365 Days of Shakespeare

That's right – the Bard in a year.

114. Shakespeare Wedding Readings

with 2 comments

Thinking more and more about my wedding and how Adam and I plan to incorporate Shakespeare into the day, it seems only fitting that a reading of some Shakespeare ought to happen somewhere. Maybe not during the ceremony – we’ll see – or even out loud, but we definitely want there to be some of Shakespeare’s words here and there to be seen and perhaps heard by our loved ones.

So what makes a good Shakespeare reading, without going overboard or being cheesy? There’s always the idea of having the cake labeled “Sweets to the sweet”. There are tons of quotes that can be taken out of the plays (and often out of context) that are great for weddings. But then there are those big, long passages, such as the always-classic Sonnet 116:
Sonnet 116
Let me not to the marriage of true minds
admit impediments. Love is not love
which alters when it alteration finds,
or bends with the remover to remove:
Oh, no! It is an ever-fixed mark.
That looks on tempests and is never shaken;
it is the star to every wandering bark,
whose worth’s unknown, although his height be taken.
Love’s not Time’s fool, though rosy lips and cheeks
within his bending sickle’s compass come;
love alters not with his brief hours and weeks,
but bears it out even to the edge of doom.
If this be error and upon me proved,
I never writ, nor no man ever loved.

It might be overdone, but I can’t help but to love it. We probably will avoid using it (at least in the ceremony) to avoid cliche whenever possible, but I would love this to be present somewhere.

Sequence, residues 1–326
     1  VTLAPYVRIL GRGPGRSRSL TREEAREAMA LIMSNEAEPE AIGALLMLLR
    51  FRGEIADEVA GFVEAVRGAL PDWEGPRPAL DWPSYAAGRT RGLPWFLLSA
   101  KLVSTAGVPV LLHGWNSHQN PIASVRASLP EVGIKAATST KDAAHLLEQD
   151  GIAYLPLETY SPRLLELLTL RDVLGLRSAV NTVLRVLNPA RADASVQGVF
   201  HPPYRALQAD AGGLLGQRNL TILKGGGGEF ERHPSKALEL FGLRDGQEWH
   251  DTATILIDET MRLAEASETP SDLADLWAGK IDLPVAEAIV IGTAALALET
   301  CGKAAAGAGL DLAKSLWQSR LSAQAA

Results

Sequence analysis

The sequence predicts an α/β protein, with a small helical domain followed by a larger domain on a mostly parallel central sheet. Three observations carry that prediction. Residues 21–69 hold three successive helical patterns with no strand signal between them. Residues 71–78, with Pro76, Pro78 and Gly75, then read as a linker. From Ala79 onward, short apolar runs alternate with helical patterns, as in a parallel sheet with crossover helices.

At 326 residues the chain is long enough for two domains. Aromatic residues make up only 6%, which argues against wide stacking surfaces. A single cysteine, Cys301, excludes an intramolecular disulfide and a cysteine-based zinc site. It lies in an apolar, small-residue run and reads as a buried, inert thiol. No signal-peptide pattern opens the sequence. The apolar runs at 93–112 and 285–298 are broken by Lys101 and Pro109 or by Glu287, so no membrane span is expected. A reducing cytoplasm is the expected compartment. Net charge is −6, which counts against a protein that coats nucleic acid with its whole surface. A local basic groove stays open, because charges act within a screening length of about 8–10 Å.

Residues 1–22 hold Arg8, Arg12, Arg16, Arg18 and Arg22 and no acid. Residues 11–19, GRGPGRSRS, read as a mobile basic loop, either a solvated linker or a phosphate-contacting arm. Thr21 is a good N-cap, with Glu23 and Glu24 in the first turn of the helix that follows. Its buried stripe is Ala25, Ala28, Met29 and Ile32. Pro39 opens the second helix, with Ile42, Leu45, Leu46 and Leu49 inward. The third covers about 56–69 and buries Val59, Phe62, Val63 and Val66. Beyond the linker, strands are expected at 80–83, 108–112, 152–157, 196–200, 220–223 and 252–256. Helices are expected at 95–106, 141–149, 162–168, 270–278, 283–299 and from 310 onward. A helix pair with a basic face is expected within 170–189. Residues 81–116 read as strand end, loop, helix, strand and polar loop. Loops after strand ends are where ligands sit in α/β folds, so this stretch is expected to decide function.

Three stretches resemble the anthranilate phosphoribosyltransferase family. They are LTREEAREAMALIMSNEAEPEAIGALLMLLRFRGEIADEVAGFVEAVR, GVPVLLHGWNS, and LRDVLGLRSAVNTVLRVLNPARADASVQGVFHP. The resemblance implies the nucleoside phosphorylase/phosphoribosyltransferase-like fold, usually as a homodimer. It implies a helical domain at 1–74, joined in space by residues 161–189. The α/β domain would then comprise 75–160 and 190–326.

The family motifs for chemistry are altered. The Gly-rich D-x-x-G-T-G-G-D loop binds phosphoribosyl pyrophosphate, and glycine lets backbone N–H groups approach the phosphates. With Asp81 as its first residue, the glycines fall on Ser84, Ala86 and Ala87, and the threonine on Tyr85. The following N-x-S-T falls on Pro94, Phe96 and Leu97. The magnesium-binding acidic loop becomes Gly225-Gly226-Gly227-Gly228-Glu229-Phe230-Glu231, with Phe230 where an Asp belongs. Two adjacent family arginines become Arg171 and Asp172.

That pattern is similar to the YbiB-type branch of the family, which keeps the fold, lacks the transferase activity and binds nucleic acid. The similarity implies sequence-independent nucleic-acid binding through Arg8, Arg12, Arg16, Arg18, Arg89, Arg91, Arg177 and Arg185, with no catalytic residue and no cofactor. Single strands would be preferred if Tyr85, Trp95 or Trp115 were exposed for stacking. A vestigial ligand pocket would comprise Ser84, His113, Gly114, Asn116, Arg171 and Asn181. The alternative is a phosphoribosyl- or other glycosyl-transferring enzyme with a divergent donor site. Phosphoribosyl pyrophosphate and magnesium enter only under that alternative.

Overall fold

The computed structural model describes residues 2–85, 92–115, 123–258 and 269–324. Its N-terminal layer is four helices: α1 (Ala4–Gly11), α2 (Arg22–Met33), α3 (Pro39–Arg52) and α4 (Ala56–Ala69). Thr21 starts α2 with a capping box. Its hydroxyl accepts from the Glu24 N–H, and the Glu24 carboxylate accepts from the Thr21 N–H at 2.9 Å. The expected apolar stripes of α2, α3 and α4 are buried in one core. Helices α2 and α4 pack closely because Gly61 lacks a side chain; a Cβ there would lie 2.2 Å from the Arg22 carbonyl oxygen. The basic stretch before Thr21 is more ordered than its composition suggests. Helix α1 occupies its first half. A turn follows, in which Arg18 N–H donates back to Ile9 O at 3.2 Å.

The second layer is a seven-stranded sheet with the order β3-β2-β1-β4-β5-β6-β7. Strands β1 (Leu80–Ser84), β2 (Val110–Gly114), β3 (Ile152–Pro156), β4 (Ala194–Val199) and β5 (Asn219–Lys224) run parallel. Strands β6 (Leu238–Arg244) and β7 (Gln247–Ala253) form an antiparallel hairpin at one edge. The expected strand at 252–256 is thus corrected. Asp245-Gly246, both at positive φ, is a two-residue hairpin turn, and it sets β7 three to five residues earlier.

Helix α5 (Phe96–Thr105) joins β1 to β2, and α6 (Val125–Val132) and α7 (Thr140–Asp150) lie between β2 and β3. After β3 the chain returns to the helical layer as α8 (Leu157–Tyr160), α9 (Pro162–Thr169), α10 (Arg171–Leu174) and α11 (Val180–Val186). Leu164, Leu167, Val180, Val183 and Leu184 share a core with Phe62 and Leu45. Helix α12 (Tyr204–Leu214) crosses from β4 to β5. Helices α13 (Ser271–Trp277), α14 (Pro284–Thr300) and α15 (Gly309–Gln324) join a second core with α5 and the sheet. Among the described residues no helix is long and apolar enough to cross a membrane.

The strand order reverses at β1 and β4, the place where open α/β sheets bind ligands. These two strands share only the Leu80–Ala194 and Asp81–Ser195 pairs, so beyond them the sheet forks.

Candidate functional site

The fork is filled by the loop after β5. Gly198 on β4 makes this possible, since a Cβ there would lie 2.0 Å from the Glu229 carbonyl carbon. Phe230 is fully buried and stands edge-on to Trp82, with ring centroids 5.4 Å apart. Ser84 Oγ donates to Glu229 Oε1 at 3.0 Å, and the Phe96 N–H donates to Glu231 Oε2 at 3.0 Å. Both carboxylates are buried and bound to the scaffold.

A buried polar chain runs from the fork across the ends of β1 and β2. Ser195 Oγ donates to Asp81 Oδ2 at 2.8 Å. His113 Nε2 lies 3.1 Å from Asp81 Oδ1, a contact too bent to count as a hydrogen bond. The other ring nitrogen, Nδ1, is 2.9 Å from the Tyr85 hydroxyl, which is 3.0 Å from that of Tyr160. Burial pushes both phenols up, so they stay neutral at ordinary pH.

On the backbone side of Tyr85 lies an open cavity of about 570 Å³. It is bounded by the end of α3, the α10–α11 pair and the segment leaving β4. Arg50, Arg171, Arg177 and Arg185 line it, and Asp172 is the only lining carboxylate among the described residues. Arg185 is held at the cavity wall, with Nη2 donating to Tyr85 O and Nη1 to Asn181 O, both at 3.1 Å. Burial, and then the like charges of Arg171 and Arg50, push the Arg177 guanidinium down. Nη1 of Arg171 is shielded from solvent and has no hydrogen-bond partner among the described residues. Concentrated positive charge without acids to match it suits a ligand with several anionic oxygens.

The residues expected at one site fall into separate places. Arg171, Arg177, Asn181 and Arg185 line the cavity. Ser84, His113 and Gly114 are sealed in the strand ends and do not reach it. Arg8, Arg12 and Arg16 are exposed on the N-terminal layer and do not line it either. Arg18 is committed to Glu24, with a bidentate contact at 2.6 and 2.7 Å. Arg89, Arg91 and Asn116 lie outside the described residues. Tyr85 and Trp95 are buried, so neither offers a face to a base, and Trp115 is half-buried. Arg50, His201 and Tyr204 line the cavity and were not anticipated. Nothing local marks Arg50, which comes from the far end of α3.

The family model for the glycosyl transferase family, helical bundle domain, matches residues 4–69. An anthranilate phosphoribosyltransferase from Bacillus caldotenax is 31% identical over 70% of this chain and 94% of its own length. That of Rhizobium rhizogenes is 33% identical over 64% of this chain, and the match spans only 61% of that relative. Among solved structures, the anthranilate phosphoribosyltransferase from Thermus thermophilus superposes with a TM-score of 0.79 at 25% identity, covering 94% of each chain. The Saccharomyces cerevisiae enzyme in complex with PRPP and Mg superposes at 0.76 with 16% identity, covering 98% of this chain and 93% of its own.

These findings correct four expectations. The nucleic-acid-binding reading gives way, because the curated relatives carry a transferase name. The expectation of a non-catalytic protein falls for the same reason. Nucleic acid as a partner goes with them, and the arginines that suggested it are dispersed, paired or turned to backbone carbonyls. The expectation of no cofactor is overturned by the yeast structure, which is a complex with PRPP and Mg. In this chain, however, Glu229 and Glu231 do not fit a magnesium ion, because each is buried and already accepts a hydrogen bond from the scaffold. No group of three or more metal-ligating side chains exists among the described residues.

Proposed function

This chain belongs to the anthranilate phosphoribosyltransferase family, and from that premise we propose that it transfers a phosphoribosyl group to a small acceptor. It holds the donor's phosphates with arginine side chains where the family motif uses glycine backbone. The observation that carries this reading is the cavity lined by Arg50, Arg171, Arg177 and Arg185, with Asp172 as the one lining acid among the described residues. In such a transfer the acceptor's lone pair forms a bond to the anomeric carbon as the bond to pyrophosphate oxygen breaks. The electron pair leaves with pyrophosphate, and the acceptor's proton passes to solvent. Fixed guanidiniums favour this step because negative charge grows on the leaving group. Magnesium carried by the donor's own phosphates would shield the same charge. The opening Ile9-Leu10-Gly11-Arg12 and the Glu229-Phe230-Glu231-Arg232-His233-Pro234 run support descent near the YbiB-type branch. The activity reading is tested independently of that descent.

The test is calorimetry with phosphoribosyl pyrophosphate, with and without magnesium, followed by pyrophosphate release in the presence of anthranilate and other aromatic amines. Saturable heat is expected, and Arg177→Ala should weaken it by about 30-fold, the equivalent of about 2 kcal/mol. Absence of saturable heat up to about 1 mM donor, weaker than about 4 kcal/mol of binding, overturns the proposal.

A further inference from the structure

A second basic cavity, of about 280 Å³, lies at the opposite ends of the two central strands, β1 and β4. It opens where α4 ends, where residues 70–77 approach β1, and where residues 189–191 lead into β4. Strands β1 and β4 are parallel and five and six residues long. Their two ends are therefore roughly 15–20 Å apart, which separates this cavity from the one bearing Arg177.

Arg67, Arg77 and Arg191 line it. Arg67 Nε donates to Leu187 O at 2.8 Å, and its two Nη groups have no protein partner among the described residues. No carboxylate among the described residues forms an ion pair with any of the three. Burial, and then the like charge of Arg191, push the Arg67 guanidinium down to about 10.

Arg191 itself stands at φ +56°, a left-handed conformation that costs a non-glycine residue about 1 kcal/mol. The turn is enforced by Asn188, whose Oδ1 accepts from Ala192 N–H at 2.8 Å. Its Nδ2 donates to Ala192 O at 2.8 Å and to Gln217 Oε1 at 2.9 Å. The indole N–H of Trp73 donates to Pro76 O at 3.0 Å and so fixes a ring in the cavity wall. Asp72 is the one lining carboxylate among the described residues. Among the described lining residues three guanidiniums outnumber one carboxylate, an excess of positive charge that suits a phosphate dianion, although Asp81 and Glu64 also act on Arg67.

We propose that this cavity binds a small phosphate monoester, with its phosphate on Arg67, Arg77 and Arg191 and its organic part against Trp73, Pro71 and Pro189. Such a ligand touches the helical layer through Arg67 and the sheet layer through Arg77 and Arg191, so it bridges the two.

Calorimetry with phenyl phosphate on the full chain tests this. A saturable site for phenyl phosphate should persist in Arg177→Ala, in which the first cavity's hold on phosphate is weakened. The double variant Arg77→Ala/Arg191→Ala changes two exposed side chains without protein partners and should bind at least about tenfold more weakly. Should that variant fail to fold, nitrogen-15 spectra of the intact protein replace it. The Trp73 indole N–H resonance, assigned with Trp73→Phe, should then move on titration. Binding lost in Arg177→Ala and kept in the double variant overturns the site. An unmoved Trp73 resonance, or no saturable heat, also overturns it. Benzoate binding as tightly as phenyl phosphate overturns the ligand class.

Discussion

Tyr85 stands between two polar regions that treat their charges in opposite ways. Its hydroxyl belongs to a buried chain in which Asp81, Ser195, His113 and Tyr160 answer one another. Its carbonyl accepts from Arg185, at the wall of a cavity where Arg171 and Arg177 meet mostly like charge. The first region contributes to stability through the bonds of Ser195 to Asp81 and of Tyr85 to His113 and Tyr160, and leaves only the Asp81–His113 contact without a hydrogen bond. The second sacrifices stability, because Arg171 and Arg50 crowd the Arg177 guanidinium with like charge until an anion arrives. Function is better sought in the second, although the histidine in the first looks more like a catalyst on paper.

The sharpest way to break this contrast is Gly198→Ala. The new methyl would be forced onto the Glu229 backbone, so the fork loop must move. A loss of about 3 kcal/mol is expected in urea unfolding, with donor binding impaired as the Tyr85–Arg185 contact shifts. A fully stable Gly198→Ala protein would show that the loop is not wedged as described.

Sonnet 18 is lovely as well (“Shall I compare thee to a summer’s day?”), and the “summer’s day” is a nice little reference to Midsummer, where we met. But it is even more overdone than Sonnet 116, so I doubt it will make an appearance on the big day. At least not an obvious one!

I’m not opposed to quoting Hamlet – “Doubt thou the stars are fire/Doubt that the sun doth move/Doubt truth to be a liar/But never doubt I love” – even if it would be a little weird to quote a tragedy at a wedding. Then again, I have yet to find four lines that promise true love in such a way, so it might just be perfect.

Any other suggestions are welcomed!


Written by Caroline Mincks

January 24, 2010 at 12:12 AM

2 Responses

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  1. For what it’s worth, we used 116 in our wedding. Perhaps a bit overdone, but I’m glad we used it, since I end up teaching it annually, and thus get an annual reminder of my wedding.


    Ted Leach

    January 27, 2010 at 6:57 AM

  2. I do love it a lot. Maybe we’ll incorporate it in a way that isn’t a reading. I’m planning to make all of our flowers out of paper, so maybe we can print it onto a few of them!


    January 27, 2010 at 5:39 PM

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